I'm trying to parse an integer from a NSDictionary using the code

[activeItem setData_id:[[NSString stringWithFormat:@"%@", [dict valueForKeyPath:@"data_id"]] integerValue]];

However, this is giving me this error: Incompatible integer to pointer conversion sending 'NSInteger' (aka 'int') to parameter of type 'NSInteger *' (aka 'int *')

setData_id takes an integer as a parameter. If I want to parse to a string, [NSString stringWithFormat:@"%@", [dict valueForKeyPath:@"data_id"]] works perfectly.

What I'm doing here is parsing the result of valueForKeyPath to a String, then parsing an integer from that.

  • 3
    Observe that one data type contains * and the other doesn't. – Hot Licks Apr 11 '14 at 0:02
  • 1
    @JamEngulfer221 Post the definition of setData_id:. – Leo Natan Apr 11 '14 at 0:03
  • 1
    Drop the *. You don't want a pointer. – Hot Licks Apr 11 '14 at 0:06
  • 1
    And that is a screwy way to do the data conversion. There is no need to invoke stringWithFormat -- just apply integerValue directly to the result from valueForKeyPath. – Hot Licks Apr 11 '14 at 0:08
  • 2
    Java had pointers too, they just called them "references", and you didn't have a choice as to whether you used them or not. – Hot Licks Apr 11 '14 at 0:13

How is your setData_id: method declared?

Looks like it expect an NSInteger * rather than a NSInteger...

Either it is declared as:

- ( void )setData_id: ( NSInteger )value;

And you can use your code.

Otherwise, it means it is declared as:

- ( void )setData_id: ( NSInteger * )value;

It might be a typo... If you really need an integer pointer, then you may use (assuming you know what you are doing in terms of scope):

NSInteger i = [ [ NSString stringWithFormat: @"%@", [ dict valueForKeyPath: @"data_id" ] ] integerValue ];
[ activeItem setData_id: &i ];

But I think you just made a typo, adding a pointer (NSInteger *), while you meant NSInteger.

Note: If setData_id is a property, the same applies:

@property( readwrite, assign ) NSInteger data_id;


@property( readwrite, assign ) NSInteger * data_id;

I guess you wrote the second example, while meaning the first one...

  • No, I want the end result to be an integer. setData_id takes an integer as a parameter. What I'm doing here is parsing the result of valueForKeyPath to a String, then getting the integer value. – JamEngulfer Apr 10 '14 at 23:59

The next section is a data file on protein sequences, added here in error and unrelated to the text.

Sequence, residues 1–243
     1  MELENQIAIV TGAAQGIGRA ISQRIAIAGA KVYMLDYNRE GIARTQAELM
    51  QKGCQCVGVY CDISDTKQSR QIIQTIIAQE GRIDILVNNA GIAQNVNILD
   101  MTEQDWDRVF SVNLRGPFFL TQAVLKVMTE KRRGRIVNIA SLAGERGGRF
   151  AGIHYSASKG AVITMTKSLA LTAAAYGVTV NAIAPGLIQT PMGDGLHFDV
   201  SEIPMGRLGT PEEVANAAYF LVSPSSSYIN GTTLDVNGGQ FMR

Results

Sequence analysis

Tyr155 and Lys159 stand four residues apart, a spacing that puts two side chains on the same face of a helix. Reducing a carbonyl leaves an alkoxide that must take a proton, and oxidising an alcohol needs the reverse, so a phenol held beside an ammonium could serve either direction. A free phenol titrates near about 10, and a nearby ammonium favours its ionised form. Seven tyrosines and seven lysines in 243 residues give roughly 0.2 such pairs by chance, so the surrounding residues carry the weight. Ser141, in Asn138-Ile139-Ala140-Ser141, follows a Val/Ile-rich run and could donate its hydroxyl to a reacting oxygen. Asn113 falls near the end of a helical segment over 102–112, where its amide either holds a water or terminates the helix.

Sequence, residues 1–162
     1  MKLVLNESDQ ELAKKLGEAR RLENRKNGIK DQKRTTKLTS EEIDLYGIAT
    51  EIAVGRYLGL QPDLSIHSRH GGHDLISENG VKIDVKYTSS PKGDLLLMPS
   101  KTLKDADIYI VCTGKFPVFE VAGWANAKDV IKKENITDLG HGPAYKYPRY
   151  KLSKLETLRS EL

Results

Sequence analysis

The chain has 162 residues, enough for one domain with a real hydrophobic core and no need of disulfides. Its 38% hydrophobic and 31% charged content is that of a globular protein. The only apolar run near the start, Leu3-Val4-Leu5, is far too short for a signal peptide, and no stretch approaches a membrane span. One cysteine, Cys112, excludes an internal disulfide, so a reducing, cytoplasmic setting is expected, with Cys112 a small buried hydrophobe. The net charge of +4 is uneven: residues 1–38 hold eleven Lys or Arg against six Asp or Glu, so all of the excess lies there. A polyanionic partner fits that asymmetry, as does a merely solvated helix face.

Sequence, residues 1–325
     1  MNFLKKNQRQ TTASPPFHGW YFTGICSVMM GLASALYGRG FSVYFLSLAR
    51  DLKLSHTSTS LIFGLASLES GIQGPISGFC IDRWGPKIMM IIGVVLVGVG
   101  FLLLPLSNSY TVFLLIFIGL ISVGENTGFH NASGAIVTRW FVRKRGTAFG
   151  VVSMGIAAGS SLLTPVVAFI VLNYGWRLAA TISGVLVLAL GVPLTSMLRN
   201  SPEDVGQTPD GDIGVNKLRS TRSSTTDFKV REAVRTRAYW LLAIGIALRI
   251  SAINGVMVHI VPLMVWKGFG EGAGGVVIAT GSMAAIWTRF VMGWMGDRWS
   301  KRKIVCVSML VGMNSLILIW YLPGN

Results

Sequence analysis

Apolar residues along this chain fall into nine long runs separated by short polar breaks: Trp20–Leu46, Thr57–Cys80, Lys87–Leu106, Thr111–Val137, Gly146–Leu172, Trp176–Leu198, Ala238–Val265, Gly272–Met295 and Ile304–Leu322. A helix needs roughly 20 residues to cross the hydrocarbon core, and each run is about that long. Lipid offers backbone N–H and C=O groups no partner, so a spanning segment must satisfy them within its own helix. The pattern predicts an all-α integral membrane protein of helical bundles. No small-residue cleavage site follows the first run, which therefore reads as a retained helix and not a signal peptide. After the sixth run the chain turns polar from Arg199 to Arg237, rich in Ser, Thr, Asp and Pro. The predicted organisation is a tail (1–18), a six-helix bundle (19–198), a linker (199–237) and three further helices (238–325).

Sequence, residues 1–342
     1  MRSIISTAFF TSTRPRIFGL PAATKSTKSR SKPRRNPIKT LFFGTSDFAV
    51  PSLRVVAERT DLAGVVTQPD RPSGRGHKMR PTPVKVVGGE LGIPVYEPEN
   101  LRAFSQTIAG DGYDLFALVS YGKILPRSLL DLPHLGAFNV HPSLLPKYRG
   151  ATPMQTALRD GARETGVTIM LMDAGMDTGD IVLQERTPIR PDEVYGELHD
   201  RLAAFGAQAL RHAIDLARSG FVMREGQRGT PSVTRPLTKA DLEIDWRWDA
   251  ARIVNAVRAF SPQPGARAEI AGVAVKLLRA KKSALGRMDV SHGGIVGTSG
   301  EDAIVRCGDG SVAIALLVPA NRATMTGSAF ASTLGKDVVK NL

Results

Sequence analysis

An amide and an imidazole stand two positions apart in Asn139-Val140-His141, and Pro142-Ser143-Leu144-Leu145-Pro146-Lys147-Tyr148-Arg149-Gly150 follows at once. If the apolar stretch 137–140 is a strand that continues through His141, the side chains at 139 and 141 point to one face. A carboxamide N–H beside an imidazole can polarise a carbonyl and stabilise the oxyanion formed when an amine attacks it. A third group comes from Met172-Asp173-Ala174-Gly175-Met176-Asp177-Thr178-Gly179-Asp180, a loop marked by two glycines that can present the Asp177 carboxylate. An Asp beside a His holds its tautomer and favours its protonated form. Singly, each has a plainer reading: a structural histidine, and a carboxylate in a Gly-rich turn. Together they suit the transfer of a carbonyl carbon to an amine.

• By the way, setData_id is synthesised from a property. – JamEngulfer Apr 11 '14 at 0:07
  • @JamEngulfer221 You have defined the properly incorrectly. – Leo Natan Apr 11 '14 at 0:08
  • @JamEngulfer221 See the final note... – Macmade Apr 11 '14 at 0:10
  • Killer. Thanks Macmade – Tom G May 17 '14 at 21:05

The property is defined incorrectly.

It should be:

@property (readwrite) NSInteger data_id;

instead of

@property (readwrite) NSInteger *data_id;

You are attempting to pass an integer value to a format that expects to have a pointer type.

Either use

[activeItem setData_id:[NSString stringWithFormat:@"%@", [dict valueForKeyPath:@"data_id"]]];


[activeItem setData_id:[NSString stringWithFormat:@"%d", [[dict valueForKeyPath:@"data_id"] integerValue]]];

If you need to set an integer, drop the [NSString stringWithFormat:@"%@"] - this creates a string.

[activeItem setData_id:[[dict valueForKeyPath:@"data_id"] integerValue]];
  • 1
    Not an "object type" -- a pointer type. The problem is the bogus definition of setData_id. – Hot Licks Apr 11 '14 at 0:05
  • @HotLicks Kindly corrected. Thanks. – Leo Natan Apr 11 '14 at 0:07
  • Sorry, but still wrong. You haven't fixed the problem. – Hot Licks Apr 11 '14 at 0:09
  • @HotLicks Hm? Here, I put it in bold. ;-) – Leo Natan Apr 11 '14 at 0:10
  • Yep, you finally got it right. – Hot Licks Apr 11 '14 at 0:12

Use integerValue and intValue where appropriate.

Your Answer

By clicking “Post Your Answer”, you agree to our terms of service, privacy policy and cookie policy

Not the answer you're looking for? Browse other questions tagged or ask your own question.